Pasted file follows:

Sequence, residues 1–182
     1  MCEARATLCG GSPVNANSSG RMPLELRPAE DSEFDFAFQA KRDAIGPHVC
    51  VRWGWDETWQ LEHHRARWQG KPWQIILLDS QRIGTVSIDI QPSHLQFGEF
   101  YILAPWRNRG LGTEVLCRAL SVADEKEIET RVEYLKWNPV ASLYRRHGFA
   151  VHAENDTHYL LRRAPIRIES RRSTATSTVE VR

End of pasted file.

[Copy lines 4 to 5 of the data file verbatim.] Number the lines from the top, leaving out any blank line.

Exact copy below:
   101  YILAPWRNRG LGTEVLCRAL SVADEKEIET RVEYLKWNPV ASLYRRHGFA
   151  VHAENDTHYL LRRAPIRIES RRSTATSTVE VR